Practice makes perfect, goes the old adage. In yoga, this practice or Sadhana is a means of accomplishing a goal through spiritual discipline.

Originating from the Sanskrit word ‘sādh’ which means to ‘bring about’, ‘Sādhanā’ is your ‘dedication to an aim’. From a yogic point of view, it is a dedicated spiritual practice that takes you in the direction of your spiritual intention Sankalpa or the form of discipline through which a yogi attains ‘Samadhi’, the ultimate expression of yogic life.

BKS Iyengar talks about Sadhana in his book Light on the Yoga Sutras
“Sādhanā is a discipline undertaken in the pursuit of a goal. Abhyāsa is repeated practice performed with observation and reflection. Kriyā, or action, also implies perfect execution with study and investigation. Therefore, sādhanā, abhyāsa, and kriyā all mean one and the same thing. A sādhaka, or practitioner, is one who skillfully applies…mind and intelligence in practice towards a spiritual goal.” 

Sadhana is based on the concept of a daily spiritual practice like a committed prayer or a routine that you work on to nurture your mind and body. It represents a disciplined surrendering of the ego, in which the practitioner uses asana, pranayama, meditation, and chanting mantras to build silence in the mind allowing one to journey inwards to discover one’s true self.

Why the discipline of Sadhana?

Time and dedication spent in Sadhana help you advance your yoga practice, and find your calm inner being, anytime, anywhere. The benefits of daily Sadhana are countless, making it an inevitable part of yoga: 

  • Plant the seed of discipline: Getting into a disciplined daily practice, even if it is just for a few minutes, means you have overcome all the excuses that your mind comes up with; you have put aside your laziness and moved into action – it puts you in control of your mind and body. So go ahead and plant a tiny seed, nurture it, let it take root, and grow and blossom to soon bear fruit in the form of achieving your intentions.
  • Push your boundaries: By deciding to practice Sadhana regularly, you are committing to pushing your practice to new boundaries. Every day add to your practice – be it in the form of advanced yoga asanas, deeper meditation techniques, or adopting Yamas and Niyamas into your lifestyle.
  • Evolve your practice: Embracing Sadhana will help you break away from the mundane and become a better version of yourself with each passing day. With practice, you’ll gain stronger abilities of self-observation and ‘Sakshi Bhava’ or witness-consciousness – a detached awareness that helps you to step back and transcend the ego or ‘Ahamkara’. Strengthening your self-observation and Sakshi Bhava will allow you to further explore the inner workings of the mind and eliminate negative thoughts. 
  • Connect to your True Self: Your spiritual practice allows you to turn inward, connecting you to your True Self which is infinite and connected to all. Sadhana will thus strengthen your relationship with the Divine.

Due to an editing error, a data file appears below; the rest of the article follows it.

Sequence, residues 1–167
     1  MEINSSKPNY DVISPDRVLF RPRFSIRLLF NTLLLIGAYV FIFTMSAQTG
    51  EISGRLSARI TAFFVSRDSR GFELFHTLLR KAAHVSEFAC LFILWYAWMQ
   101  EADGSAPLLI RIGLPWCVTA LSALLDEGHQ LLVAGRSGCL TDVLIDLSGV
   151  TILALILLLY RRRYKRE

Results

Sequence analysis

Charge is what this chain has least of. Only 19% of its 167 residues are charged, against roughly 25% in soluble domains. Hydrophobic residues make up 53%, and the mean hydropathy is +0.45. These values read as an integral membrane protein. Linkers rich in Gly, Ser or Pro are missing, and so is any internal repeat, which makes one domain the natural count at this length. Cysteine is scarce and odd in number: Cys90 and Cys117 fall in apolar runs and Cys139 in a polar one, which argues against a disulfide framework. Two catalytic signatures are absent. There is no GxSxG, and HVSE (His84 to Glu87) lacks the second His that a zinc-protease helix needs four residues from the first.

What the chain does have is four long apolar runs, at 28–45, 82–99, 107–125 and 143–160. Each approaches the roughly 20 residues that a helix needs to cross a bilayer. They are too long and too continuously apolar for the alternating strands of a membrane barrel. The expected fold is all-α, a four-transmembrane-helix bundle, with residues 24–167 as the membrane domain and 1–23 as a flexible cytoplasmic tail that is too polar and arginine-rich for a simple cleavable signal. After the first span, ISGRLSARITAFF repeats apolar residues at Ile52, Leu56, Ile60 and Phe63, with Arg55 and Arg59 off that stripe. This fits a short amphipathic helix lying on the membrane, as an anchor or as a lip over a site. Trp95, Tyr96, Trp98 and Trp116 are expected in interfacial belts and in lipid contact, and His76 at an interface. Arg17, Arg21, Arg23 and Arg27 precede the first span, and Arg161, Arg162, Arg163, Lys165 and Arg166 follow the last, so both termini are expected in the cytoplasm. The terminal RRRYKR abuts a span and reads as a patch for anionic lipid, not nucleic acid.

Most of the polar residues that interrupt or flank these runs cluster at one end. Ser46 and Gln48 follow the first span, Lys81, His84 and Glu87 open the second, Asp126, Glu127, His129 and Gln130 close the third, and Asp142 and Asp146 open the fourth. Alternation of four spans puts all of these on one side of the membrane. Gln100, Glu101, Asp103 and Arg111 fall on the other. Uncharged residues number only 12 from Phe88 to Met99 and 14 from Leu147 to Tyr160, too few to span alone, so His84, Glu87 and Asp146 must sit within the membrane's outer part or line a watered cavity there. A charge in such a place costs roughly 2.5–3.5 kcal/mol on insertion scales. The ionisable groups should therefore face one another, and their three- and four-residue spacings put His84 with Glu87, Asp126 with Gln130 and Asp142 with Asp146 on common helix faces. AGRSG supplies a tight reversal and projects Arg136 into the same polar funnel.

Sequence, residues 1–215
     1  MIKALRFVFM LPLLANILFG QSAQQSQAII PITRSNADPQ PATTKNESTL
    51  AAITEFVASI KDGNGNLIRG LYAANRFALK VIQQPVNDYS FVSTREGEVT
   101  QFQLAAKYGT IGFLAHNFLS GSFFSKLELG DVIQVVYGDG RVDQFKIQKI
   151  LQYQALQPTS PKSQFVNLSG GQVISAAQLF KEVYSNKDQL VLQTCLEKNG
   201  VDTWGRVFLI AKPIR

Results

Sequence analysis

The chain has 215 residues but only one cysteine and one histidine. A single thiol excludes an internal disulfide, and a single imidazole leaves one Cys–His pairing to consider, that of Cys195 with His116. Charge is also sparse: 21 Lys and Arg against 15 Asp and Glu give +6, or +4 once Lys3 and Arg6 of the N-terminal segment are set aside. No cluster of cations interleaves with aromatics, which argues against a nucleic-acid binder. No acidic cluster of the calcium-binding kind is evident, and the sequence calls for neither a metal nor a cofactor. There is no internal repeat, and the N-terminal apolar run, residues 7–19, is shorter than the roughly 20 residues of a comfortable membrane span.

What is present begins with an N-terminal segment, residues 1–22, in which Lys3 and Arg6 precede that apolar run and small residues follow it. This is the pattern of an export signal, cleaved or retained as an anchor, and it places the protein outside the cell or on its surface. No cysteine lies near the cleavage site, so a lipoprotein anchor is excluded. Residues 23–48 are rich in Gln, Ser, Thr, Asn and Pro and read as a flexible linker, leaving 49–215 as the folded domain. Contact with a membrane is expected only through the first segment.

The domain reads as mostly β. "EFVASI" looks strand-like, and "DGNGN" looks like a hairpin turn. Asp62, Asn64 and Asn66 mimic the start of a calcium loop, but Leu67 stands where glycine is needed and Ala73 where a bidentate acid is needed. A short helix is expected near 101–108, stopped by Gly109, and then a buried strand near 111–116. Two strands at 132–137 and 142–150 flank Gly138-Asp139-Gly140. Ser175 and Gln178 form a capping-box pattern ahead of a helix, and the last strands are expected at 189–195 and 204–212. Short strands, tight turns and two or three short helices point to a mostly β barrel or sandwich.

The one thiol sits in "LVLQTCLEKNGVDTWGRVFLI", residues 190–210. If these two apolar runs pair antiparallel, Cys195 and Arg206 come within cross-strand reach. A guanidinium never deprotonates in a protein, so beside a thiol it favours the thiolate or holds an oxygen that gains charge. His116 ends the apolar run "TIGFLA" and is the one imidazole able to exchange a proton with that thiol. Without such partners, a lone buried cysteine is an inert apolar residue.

Sadhana with Sankalpa – practice with clear intention

Before you embark on your personal Sadhana, read these tips to help you commit to an intentional practice.

  • Identify a Sankalpa or intention for your practice. By consciously setting an intention, you call on the power of your mind to focus completely on your practice session, thus conditioning your mind and body to be present and aware.
  • Outline the techniques that will help you achieve your intention. For example, if you intend to gain control of your wavering thoughts, short meditations would be a good starting point. 
  • Create a structure for your practice. For example, begin your practice by setting an intention for your yoga session, then continue with yoga asanas, and close with pranayama and meditation. Plan your routine for your practice session and make it easy to follow by writing it down so that you don’t have to pause your practice mid-way to think of what to do next. 
  • Reserve a specific space and time of day for your Sadhana. Just before dawn is an ideal time. However, making your practice any time in the morning before the rest of your day starts will greatly benefit the quality of your life. If you can practice only in the afternoons or evenings, you will still benefit from it, if you commit to practicing every day. Set aside a space for your practice that invites and inspires you. 
  • Track your progress. As your Sadhana progresses, you may be surprised by unexpected benefits. You might notice that you’re more relaxed and energized. You might find yourself to be more grounded, and calm throughout the day. The effects of your Sadhana will start to ripple outward into all areas of your life.
  • Honour your Sadhana. Acknowledge the profound effect that your daily practice has on your wellbeing and make sure you maintain it. Continue to look at how you can further deepen your practice. What other techniques can you improve on? What other intentions can you add to your practice that would allow you to progress towards your ultimate goal of enlightenment?

Your Sadhana only requires that you remain dedicated to your practice, pouring your heart and soul into it. Keep it engaging, aware, and let it become an essential part of your everyday life and a way of life for you.

So, are you ready to start a dedicated daily yogic practice or Sadhana, practicing yoga with intention?